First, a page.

Portland art blog + news + exhibition reviews + galleries + contemporary northwest art

recent entries

Resist: Inauguration at Una Gallery
Early February links
First Thursday Picks February 2017
Dead tree media & dead horse flogging news
Post Snowpocalypse Weekend Picks
More Disjecta'd
New Year opportunities
Monday Integrity Links
First Thursday Picks January 2017
Jason Berlin + Alanna Risse at Rainmaker
Saying goodby to 2016
Mid December Links

recent comments

Owen Hunter
GoodinPDX

categories

 

Book Review
Calls for Artists
Design Review
Essays
Interviews
News
Openings & Events
Photoblogs
Reviews
Video
Links
About PORT

regular contributors

 

Tori Abernathy
Amy Bernstein
Katherine Bovee
Emily Cappa
Patrick Collier
Arcy Douglass
Megan Driscoll
Jesse Hayward
Sarah Henderson
Jeff Jahn
Kelly Kutchko
Drew Lenihan
Victor Maldonado
Christopher Moon
Jascha Owens
Alex Rauch
Gary Wiseman

archives

 

Guest Contributors
Past Contributors
February 2017
January 2017
December 2016
November 2016
October 2016
September 2016
August 2016
July 2016
June 2016
May 2016
April 2016
March 2016
February 2016
January 2016
December 2015
November 2015
October 2015
September 2015
August 2015
July 2015
June 2015
May 2015
April 2015
March 2015
February 2015
January 2015
December 2014
November 2014
October 2014
September 2014
August 2014
July 2014
June 2014
May 2014
April 2014
March 2014
February 2014
January 2014
December 2013
November 2013
October 2013
September 2013
August 2013
July 2013
June 2013
May 2013
April 2013
March 2013
February 2013
January 2013
December 2012
November 2012
October 2012
September 2012
August 2012
July 2012
June 2012
May 2012
April 2012
March 2012
February 2012
January 2012
December 2011
November 2011
October 2011
September 2011
August 2011
July 2011
June 2011
May 2011
April 2011
March 2011
February 2011
January 2011
December 2010
November 2010
October 2010
September 2010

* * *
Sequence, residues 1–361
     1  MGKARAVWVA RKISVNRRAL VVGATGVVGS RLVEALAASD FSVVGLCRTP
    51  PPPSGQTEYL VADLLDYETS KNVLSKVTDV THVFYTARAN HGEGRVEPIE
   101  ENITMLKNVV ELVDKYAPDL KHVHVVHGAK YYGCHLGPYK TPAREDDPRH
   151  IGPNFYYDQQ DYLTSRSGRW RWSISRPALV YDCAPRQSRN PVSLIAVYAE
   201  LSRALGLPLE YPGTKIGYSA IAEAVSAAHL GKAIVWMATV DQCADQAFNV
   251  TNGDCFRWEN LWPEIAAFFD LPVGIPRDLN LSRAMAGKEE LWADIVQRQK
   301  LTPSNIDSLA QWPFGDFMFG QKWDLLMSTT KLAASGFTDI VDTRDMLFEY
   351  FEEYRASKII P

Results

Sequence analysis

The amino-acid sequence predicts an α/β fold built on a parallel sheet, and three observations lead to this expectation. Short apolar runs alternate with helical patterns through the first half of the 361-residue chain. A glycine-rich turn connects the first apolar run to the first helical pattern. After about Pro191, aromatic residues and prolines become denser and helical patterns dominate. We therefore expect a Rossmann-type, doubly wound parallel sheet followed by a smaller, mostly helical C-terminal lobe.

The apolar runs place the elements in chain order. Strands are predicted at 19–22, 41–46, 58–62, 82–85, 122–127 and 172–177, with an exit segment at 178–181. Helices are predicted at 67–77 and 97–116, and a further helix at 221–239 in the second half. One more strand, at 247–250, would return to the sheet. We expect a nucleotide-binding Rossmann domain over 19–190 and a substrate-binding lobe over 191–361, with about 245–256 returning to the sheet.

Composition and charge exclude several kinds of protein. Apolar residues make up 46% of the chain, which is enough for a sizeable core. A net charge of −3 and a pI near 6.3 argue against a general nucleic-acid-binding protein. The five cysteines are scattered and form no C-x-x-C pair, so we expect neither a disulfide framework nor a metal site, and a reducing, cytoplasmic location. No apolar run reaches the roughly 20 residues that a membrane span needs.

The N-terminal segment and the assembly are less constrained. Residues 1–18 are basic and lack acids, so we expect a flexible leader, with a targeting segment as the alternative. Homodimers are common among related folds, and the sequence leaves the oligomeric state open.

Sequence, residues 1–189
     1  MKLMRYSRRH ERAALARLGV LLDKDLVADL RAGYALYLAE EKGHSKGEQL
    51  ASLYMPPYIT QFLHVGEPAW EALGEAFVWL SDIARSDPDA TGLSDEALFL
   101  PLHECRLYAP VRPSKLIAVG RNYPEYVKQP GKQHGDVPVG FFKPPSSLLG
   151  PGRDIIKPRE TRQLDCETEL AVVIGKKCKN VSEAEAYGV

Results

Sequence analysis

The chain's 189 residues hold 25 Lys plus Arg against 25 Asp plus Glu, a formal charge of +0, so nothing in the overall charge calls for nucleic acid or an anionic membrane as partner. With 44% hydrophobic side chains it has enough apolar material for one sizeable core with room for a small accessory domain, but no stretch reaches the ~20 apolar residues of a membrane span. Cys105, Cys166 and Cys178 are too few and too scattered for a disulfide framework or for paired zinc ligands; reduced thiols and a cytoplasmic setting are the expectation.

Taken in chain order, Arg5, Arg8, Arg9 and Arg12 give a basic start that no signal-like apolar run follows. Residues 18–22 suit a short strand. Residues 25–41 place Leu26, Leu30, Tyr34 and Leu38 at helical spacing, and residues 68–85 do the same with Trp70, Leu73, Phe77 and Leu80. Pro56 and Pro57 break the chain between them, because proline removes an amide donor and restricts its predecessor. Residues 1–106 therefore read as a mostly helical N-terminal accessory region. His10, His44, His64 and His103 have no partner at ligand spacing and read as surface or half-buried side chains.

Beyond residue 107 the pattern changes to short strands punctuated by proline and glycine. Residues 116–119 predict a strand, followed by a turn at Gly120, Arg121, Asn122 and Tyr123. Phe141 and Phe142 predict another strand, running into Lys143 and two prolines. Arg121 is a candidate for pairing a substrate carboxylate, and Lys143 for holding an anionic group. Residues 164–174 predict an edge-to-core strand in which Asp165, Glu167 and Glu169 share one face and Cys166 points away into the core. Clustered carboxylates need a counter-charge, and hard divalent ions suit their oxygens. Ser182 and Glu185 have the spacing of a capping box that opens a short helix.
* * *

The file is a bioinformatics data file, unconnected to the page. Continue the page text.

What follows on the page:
August 2010
July 2010
June 2010
May 2010
April 2010
March 2010
February 2010
January 2010
December 2009
November 2009
October 2009
September 2009
August 2009
July 2009
June 2009
May 2009
April 2009
March 2009
February 2009
January 2009
December 2008
November 2008
October 2008
September 2008
August 2008
July 2008
June 2008
May 2008
April 2008
March 2008
February 2008
January 2008
December 2007
November 2007
October 2007
September 2007
August 2007
July 2007
June 2007
May 2007
April 2007
March 2007
February 2007
January 2007
December 2006
November 2006
October 2006
September 2006
August 2006
July 2006
June 2006
May 2006
April 2006
March 2006
February 2006
January 2006
December 2005
November 2005
October 2005
September 2005
August 2005
July 2005
June 2005

contact us

 

Contact us

search

 


syndicate

 

Atom
RSS

powered by

 

Movable Type 3.16

This site is licensed under a

 

Creative Commons License

Saturday 08.15.09

« STOCK fashion | Main | Ty Ennis' You'll Love It Here at NAAU »

Manor of Art at MP5

Last night the Manor of Art and The Grid shows at Milepost 5 both seemed to achieve the desired effect of attendance reminiscent of shows like The Modern Zoo in 2003 and the Charm Bracelet's meeting people in 2002 or the perpetual stew at the Everett Station Lofts. Each exhibition had more than just a few things worth seeing but granted these are essentially group shows that focused more on group than the show. This is not necessarily a bad thing as art thrives on proximity and social interaction. The resulting good energy in an odd smelling building in need of renovation is the sort of thing that opens up new possibilities to artists from time to time.

Cris_moss_manor1.jpg
For me Cris Moss' video installation in Room 306 was the highlight of the evening.

Though definitely good intentioned but somewhat oddly located on 82nd Milepost 5 is an non profit effort to establish an artist community in a city where artists tend to cluster, divining the next hot neighborhood on their own (in the past 2 decades it has been the Alphabet District, the Pearl District, North Mississippi, North Williams an now near N. Interstate). In fact, other projects like the Falcon Arts Community on N Albina or the Everett Station Lofts seem to be doing well because they are close in. Whereas Milepost 5 has always seemed like a well intentioned herding activity on the outskirts rather than actually tracking the where artists would naturally colonize. That said, if the economy turns around MP5 could be successful. The die has already been cast so this whole stunt is an exercise in wishful thinking... not a bad thing really. I think everyone involved would have done this differently in hindsight... like a location in North Portland or the central east side industrial district.